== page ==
A vote for PES is a vote for EPP! A vote for EPP is a vote for PES! Support the coalition, vote EPP-PES!
by A swedish kind of death on Wed Feb 22nd, 2012 at 04:07:36 PM EST
[ Parent ]
all music owes royalties to the "Performing rights society". There's no such thing as royalty free as the PRS take a slice of everything.

Technically you can be busted for playing a radio in a public park

keep to the Fen Causeway

by Helen (lareinagal at yahoo dot co dot uk) on Wed Feb 22nd, 2012 at 05:58:04 PM EST
[ Parent ]
Like in Spain...

tens of millions of people stand to see their lives ruined because the bureaucrats at the ECB don't understand introductory economics -- Dean Baker
by Migeru (migeru at eurotrib dot com) on Wed Feb 22nd, 2012 at 06:01:32 PM EST
[ Parent ]
I have no doubt they claim a slice of everything, but at least in Sweden in theory they only have the right to collect for their members.

Wikipedia to the rescue:

PRS for Music - Wikipedia, the free encyclopedia

PRS for Music manages about 10 million musical works on behalf of its songwriter, composer and publisher members. PRS for Music licenses its members' musical works whenever they are played, performed or reproduced both in the UK and globally through its partner network.[2] A PRS for Music licence gives the user permission to play or use the music it represents in a number of circumstances such as on radio, TV, online or in public premises.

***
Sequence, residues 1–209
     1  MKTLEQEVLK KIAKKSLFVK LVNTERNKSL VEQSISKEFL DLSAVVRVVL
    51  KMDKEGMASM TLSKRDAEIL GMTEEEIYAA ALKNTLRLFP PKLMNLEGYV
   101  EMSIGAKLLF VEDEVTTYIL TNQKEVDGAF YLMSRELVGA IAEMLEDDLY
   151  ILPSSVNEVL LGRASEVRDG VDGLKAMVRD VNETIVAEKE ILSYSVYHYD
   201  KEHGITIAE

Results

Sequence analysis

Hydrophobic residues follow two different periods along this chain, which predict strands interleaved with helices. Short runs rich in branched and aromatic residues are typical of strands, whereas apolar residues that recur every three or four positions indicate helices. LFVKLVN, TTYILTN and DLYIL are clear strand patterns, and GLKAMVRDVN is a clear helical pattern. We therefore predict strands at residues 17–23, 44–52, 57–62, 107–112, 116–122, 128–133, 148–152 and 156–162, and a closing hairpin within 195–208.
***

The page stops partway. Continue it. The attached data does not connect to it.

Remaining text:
PRS for Music - Wikipedia, the free encyclopedia

There are often internet radio stations that play music which has been licensed by the copyright holders such that it can be played without paying the PRS. This may include some Creative Commons or Public Domain music. According to these radio stations, there is no need to pay money to the PRS if only these radio stations are played at your workplace. [27][dubious - discuss] There are many radio stations that play creative commons music. [28] There are also various 'licence-free' music streaming services providing background music for businesses that only use music exempt from PRS (and PPL) Public Performance Licences.[29]

Though your micropub might not enjoy trying to set a legal precedent if none exists.

A vote for PES is a vote for EPP! A vote for EPP is a vote for PES! Support the coalition, vote EPP-PES!

by A swedish kind of death on Wed Feb 22nd, 2012 at 06:10:06 PM EST
[ Parent ]
Indeed. PRS will only bust you for playing the radio or 'popular' CDs. If you use open music, and can prove you use open music, no bust.

Of course this means no pop or anything punters might recognise. But that might not be a bad thing.

Not everyone likes music in pubs anyway.